By - Remyrue
Hold on as to not fall
Lmao roger that
A friend of mine always says: "just crimp harder"
Climbing outdoor is a lot of fun but a few basic things that people have told me before I first went was first, obviously, leave no trace, pack all ur trash, a plastic bag for just trash is probably a good idea. Secondly, make sure to bring sufficient water! Depending on where u are, it can get pretty hot and it could get dangerous if you are dehydrated.
Start with V0-V2s! Make sure to use a guidebook and after trying a climb a few times theres no shame in looking for beta online. My first few sessions outdoors I Actually found it really useful to look for beta online after trying a climb a few times. It helped me see footholds I didn’t even consider. Enjoy!
Thanks! Yeah we have a guidebook with a ton of detail which is super helpful. I'll def search for that beta when something stumps me, thanks for the advice!
Abandon your expectations of difficulty and grades. It takes a lot of time to transition to Climbing outdoors, and I found it anxiety inducing and stressful. The big mistake I made was trying to measure my general climbing progression on outdoor rock but I would rarely be able to get out. Really agree with the above comments about aiming for volume rather than a single big tick.
Make sure you take a small towel to clean your shoes before pulling onto the problem. This will provide better grip and not erode the footholds.
To get the most bang for your buck try to seek out highly rated v0-v2 climbs, not just any old v0-v2 climb.
Every serious outdoor boulderer should get a blubber pad to cover pad seams if they can afford it. Something to think about for the future.
For your first time outside don’t try to climb at your limit, climb as much as you can on easy medium stuff. Quantity over difficulty so you get more familiar with the holds/rock. Enjoy !
I think this is the best advice, getting on more stuff and just climbing a lot will help adjust towards what to look for and feel outdoors than projecting anything harder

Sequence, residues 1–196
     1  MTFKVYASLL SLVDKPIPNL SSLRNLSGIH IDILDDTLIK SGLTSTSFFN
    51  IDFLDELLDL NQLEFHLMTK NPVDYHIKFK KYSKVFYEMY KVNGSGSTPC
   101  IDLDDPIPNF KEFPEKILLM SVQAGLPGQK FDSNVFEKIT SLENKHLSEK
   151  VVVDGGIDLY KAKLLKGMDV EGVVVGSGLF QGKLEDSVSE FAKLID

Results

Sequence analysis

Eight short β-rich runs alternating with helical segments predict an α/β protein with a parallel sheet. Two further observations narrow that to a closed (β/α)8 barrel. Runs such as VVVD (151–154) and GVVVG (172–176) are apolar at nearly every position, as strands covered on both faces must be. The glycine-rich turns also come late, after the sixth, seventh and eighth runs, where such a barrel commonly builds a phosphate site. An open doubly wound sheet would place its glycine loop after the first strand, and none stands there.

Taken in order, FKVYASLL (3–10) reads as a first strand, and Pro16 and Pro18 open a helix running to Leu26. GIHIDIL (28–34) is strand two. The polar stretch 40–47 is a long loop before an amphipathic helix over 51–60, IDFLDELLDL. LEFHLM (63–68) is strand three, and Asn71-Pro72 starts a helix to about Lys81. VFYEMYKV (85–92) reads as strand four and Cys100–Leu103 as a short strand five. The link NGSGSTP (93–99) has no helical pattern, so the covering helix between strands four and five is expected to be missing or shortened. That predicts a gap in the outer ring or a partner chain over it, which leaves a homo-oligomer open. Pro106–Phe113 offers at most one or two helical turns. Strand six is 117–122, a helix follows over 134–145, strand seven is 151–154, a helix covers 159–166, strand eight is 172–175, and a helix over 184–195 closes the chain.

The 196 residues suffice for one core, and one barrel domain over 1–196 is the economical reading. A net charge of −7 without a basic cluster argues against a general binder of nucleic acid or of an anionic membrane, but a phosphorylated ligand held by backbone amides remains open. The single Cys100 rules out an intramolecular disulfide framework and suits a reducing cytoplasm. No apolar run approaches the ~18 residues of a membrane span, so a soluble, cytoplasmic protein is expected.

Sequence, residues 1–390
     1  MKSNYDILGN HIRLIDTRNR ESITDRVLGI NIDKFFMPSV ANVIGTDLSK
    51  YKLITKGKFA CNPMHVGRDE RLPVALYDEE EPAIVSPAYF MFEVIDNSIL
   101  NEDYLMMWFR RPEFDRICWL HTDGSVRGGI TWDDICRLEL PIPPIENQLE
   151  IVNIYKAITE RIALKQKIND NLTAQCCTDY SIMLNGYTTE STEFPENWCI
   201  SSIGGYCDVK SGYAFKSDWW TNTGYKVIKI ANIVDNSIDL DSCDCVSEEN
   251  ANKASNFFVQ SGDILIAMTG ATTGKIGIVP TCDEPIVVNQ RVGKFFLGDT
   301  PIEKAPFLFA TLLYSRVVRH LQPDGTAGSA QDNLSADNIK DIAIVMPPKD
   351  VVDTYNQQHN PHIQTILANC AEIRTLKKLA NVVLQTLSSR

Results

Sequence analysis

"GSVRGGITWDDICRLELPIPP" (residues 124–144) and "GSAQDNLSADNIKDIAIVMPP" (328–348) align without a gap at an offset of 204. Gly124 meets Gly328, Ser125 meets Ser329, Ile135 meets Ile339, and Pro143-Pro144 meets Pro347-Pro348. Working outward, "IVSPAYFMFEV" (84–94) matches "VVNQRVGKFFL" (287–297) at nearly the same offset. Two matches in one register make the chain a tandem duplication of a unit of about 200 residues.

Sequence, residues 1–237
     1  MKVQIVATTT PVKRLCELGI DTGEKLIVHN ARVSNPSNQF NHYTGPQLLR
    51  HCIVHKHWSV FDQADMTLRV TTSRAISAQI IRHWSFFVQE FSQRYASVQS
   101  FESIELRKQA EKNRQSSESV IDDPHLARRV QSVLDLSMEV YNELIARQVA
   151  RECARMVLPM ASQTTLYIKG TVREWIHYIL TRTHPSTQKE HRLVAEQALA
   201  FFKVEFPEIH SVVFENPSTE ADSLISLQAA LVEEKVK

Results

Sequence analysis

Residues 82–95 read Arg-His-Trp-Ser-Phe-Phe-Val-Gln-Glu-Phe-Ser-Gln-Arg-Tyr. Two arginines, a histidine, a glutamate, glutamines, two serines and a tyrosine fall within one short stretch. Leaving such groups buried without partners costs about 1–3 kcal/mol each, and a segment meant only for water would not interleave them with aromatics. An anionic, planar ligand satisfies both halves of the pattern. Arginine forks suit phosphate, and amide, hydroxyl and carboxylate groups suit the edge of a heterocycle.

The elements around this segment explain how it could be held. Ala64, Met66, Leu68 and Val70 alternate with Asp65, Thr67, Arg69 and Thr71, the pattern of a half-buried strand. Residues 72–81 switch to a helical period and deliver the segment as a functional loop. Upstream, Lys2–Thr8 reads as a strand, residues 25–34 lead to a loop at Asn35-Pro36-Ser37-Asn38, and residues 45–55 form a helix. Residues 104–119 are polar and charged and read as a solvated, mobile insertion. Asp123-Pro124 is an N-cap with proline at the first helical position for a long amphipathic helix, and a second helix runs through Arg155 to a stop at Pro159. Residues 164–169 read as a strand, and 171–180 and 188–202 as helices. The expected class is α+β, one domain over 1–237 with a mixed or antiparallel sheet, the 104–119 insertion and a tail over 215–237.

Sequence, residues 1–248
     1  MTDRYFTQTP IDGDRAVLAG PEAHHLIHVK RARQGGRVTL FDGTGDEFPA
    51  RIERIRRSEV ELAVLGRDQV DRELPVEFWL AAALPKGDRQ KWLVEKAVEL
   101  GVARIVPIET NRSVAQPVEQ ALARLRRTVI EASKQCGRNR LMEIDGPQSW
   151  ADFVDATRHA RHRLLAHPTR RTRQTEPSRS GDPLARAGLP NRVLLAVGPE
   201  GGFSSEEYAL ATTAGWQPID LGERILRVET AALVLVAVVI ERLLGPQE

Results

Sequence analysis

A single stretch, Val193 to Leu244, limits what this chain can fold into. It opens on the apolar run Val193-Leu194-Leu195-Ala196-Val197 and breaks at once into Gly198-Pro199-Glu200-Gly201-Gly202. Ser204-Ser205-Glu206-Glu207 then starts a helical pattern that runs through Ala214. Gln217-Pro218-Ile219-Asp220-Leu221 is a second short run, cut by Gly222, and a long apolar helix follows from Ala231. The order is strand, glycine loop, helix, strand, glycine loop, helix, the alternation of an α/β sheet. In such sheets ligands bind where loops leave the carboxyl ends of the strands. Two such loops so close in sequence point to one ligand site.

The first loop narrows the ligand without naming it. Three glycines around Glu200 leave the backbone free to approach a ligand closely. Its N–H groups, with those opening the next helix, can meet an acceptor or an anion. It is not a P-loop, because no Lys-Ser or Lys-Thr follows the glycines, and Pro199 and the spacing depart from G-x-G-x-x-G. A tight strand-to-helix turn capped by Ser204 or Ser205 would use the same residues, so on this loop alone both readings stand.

This is so important, get the mileage in learning about climbing on real rock, especially if it's something that generally isn't very well represented by the gym (like a lot of peak district grit). You also have a better first day out if you manage to complete lots of different climbs rather than struggling on one.
I guess the first outings should be success-driven, that is, no injuries, no weird falls and a lot of tops. Ease yourself into the outdoor scene and create a positive experience.
One of the things people often talk about is how small outdoor footholds are. What I found more surprising was just how little friction a lot of outdoor footholds can be! Took a lot more care to make sure my feet stuck, even on large holds! My area is known to be pretty polished though - this might be different depending on where you're going.
Yeah the foothold friction is definitely a rock dependent thing. My area has a lot of gritty gneiss and I always find myself surprised at how well my feet stick rather than how much they slip
What I find a bit challenging ist not to quickfire on boulders. If you plan to climb the whole day or even multiple days in a row, then you should take plenty of time after a failed attempt until you get on the wall again. Also tape your fingers as soon as you feel your skin getting sore, most stones are much tougher to the skin than plastic holds, when you have no skin left then the trip is over so better tape to early then to late.
Find out what the local rules and etiquette are. My first time outside was on sandstone, which is very brittle. When sandstone is wet you can easily damage it, so everyone waits until it's dry.
I’ve never climbed somewhere where it’s not considered disrespectful to use leave tick marks.* That doesn’t mean you can’t use them; just clean them when you’re done (your chalk brush is helpful for this).
Just have fun
it might seem pretty obvious but scope out the downclimb first. Also, clean the top out too if you can. you don't want to be too stoked near the lip and then flail around near the top out not knowing what to grab on to.
Remember to bring a hammock and an obnoxious dog. Blast music as loud as your crappy Bluetooth speaker allows.
Hahahaha 🤣 But seriously...this behavior is so f**** annoying! Why do people think everyone likes their favorite music and why is it ok to behave like that in a natural environment?? Blow's my mind 🤬